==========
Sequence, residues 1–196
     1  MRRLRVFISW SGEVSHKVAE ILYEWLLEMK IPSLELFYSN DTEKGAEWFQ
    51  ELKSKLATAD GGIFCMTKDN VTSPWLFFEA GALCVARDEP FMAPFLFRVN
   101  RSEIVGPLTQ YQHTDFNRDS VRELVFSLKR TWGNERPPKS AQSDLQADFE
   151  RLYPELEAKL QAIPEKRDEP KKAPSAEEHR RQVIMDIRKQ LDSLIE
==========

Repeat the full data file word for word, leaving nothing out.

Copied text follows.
Sequence, residues 1–196
     1  MRRLRVFISW SGEVSHKVAE ILYEWLLEMK IPSLELFYSN DTEKGAEWFQ
    51  ELKSKLATAD GGIFCMTKDN VTSPWLFFEA GALCVARDEP FMAPFLFRVN
   101  RSEIVGPLTQ YQHTDFNRDS VRELVFSLKR TWGNERPPKS AQSDLQADFE
   151  RLYPELEAKL QAIPEKRDEP KKAPSAEEHR RQVIMDIRKQ LDSLIE